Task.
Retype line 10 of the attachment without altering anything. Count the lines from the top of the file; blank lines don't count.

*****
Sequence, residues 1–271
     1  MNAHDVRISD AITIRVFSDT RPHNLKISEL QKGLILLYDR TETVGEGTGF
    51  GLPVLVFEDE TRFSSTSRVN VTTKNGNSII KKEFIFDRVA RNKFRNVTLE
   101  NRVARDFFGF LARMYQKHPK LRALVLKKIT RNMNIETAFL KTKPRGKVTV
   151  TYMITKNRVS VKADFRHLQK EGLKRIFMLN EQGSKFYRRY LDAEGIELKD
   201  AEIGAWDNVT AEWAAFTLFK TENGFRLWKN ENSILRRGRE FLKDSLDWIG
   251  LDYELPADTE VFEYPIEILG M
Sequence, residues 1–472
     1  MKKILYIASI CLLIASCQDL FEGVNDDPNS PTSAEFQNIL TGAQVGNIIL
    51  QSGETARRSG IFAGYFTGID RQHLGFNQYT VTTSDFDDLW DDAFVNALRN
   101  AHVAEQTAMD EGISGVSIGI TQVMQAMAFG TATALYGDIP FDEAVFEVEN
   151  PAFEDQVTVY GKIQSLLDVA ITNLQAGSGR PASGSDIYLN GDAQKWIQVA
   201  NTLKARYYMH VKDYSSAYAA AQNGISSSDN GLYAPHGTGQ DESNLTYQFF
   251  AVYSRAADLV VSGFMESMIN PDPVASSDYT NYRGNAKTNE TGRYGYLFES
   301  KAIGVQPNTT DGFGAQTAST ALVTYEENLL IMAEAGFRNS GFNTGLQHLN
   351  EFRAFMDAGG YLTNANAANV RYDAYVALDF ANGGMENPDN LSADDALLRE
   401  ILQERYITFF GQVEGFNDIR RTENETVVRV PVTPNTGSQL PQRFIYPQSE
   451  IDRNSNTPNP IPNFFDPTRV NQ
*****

    51  QSGETARRSG IFAGYFTGID RQHLGFNQYT VTTSDFDDLW DDAFVNALRN